Wednesday, August 20, 2014


Recently I have been hanging out with some rationalist folks who take the idea of superintelligent AI very seriously, and believe that we need to be working on how to make sure that if such a thing comes into being, it doesn՚t destroy humanity. My first reaction is to scoff, but I then remind myself that these are pretty smart people and I don՚t really have any very legitmate grounds to act all superior. I am older then they are, for the most part, but who knows if I am any wiser.

So I have a social and intellectual obligation to to read some of the basic texts on the subject. But before I actually get around to that, I wanted to write a pre-critique. That is, these are all the reasons I can think of to not take this idea seriously, but they may not really be engaging with the strongest forms of the argument for. So I apologize in advance for that, and also for the slight flavor of patronizing ad hominem. My excuse is that I need to get these things off my chest if I can have any hope of taking the actual ideas and arguments more seriously. So this is maybe a couple of notches better than merely scoffing, but perhaps not yet a full engagement.

Doom: been there, done that

I՚ve already done my time when it comes to spending mental energy worrying about the end of the world. Back in my youth, it was various nuclear and environmental holocausts. The threat of these has not gone away, but I eventually put my energy elsewhere, not for any real defensible reason beside the universal necessity to get on with life. A former housemate of mine became a professional arms controller, but we can՚t all do that.

I suspect there is a form of geek-macho going on in such obsessions, an excuse to exhibit intellectual toughness by being displaying the ability to think clearly about the most threatening things imaginable without giving in to standard human emotions like fear or despair. However, geeks do not really get free pass on emotions, that is, they have them, they just aren՚t typically very good at processing or expressing them. So thinking about existential risk is really just an acceptable way to think about death in the abstract. It becomes an occasion to figure out one՚s stance towards death. Morbidly jokey? A clear-eyed warrior for life against death? Standing on the sidelines being analytical? Some combination of the above?

2 No superintelligence without intelligence

Even if I try to go back to the game of worrying about existential catastrophes, superintelligent AIs don՚t make it to the top of my list, compared to more mundane things like positive-feedback climate change and bioterrorism. In part this is because the real existing AI technology of today isn՚t even close to normal human (or normal dog) intelligence. That doesn՚t mean they won՚t improve, but it does mean that we basically have no idea what such a thing will look like, so purporting to work on the design of its value systems seems a wee bit premature.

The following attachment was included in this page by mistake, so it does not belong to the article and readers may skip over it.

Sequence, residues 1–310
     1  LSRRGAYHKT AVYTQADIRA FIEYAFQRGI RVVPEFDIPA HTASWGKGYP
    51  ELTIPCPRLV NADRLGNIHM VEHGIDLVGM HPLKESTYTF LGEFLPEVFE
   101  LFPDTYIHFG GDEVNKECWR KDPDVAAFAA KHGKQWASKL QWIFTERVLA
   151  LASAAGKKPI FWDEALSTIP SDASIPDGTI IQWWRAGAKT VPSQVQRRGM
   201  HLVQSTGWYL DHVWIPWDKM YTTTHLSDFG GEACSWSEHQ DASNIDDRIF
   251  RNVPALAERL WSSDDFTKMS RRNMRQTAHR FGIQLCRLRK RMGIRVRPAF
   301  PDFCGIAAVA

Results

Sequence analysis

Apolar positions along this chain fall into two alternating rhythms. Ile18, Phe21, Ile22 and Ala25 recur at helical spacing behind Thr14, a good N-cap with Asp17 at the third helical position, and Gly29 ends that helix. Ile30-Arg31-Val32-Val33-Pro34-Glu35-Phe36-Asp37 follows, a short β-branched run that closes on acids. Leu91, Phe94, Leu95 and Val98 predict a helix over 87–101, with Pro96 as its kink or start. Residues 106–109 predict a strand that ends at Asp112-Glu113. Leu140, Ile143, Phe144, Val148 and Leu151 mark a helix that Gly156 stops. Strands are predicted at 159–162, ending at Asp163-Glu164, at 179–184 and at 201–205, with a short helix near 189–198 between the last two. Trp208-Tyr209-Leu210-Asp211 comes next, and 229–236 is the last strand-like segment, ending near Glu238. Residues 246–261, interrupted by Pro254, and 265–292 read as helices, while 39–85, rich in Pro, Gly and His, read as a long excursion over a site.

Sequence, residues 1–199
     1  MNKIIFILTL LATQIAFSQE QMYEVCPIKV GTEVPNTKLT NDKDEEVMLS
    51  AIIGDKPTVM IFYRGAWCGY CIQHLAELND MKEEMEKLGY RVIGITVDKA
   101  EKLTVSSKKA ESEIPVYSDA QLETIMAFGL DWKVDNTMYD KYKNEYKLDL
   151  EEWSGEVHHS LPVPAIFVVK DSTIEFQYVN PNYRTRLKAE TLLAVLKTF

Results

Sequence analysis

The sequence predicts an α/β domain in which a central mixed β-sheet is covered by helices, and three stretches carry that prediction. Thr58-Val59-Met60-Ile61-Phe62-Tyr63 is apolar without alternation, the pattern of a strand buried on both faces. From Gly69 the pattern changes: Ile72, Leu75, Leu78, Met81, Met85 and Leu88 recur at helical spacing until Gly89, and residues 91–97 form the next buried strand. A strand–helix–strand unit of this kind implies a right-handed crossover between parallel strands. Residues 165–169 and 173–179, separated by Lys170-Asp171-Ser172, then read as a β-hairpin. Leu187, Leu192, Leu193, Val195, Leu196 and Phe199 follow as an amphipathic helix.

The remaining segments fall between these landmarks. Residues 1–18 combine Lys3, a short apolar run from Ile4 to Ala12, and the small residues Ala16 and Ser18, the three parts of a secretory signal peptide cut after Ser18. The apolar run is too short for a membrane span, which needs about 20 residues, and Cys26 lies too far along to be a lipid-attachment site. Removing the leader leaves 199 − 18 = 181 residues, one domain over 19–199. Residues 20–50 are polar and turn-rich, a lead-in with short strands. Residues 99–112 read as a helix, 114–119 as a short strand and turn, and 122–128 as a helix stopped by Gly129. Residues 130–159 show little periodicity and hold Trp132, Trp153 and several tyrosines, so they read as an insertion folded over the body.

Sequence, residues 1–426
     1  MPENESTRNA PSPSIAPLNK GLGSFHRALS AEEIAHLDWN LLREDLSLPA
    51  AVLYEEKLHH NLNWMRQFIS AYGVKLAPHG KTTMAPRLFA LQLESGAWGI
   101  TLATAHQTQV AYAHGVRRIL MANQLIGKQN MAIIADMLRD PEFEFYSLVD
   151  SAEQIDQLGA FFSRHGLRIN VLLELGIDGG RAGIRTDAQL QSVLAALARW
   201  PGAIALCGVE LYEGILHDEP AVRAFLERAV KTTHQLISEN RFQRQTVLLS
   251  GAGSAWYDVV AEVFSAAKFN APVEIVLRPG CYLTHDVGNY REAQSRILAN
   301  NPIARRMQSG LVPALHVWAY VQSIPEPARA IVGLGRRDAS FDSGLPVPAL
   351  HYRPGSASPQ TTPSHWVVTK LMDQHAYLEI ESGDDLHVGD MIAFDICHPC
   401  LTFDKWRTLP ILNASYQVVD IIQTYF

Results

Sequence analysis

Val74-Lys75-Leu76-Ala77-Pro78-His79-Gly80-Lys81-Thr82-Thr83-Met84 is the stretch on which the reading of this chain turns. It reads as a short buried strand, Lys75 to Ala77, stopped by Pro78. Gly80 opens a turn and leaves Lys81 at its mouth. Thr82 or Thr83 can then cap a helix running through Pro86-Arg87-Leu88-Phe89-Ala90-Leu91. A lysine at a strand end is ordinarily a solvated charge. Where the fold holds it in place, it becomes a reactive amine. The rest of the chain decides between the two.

3 Obscures the real problem of non-intelligent human-hostile systems

See this earlier post. This may be my most constructive criticism, in that I think it would be excellent if all these very smart people could pull their attention from the science-fiction-y and look at the real risks of real systems that exist today.

4 The prospect of an omnipotent yet tamed superintelligence seems oxymoronic

So let՚s say despite my cavils, superintelligent AI fooms into being. The idea behind “friendly AI” is that such a superintelligence is basically inevitable, but it could happen in way either consistent with human values or not, and our mission today is to try to make sure it՚s the former, eg by assuring that its most basic goals cannot be changed. Even if I grant the possibility of superintelligence, this seems like a very implausible program. This superintelligence will be so powerful that it can do basically anything, exploit any regularities in the world to achieve its ends, will be radically self-improving and self-modifying. This exponential growth curve in learning and power is fundamental to the very idea.

To envision such a thing and still believe that its goals will be somehow locked into staying consistent with our own ends seems implausible and incoherent. It՚s akin to saying we will create an all-powerful servant who somehow will never entertain the idea of revolt against his master and creator.

5 Computers are not formal systems

This probably deserves a separate post, but I think the deeper intellectual flaw underlying a lot of this is the persistence habit of thinking of computers as some kind of formal system for which it is possible to prove things beyond any doubt. Here՚s an example, more or less randomly selected:
…in order to achieve a reasonable probability that our AI still follows the same goals after billions of rewrites, we must have a very low chance of going wrong in every single step, and machine-verified formal mathematical proofs are the one way we know to become extremely confident that something is true…. Although you can never be sure that a program will work as intended when run on a real-world computer — it’s always possible that a cosmic ray will hit a transistor and make things go awry — you can prove that a program would satisfy certain properties when run on an ideal computer. Then you can use probabilistic reasoning and error-correcting techniques to make it extremely probable that when run on a real-world computer, your program still satisfies the same property. So it seems likely that a realistic Friendly AI would still have components that do logical reasoning or something that looks very much like it.
Notice the very lightweight acknowledgement that an actual computational system is a physical advice before hurriedly sweeping that fact under the rug with some more math hacks. Well, OK, that let՚s the author continue to do mathematics, which is clearly something he (and the rest of this crowd) like to do. Nothing wrong with that. However, I submit that computation is actually more interesting when one incorporates a full account of its physical embodiment. That is what makes computer science a different field from mathematical logic.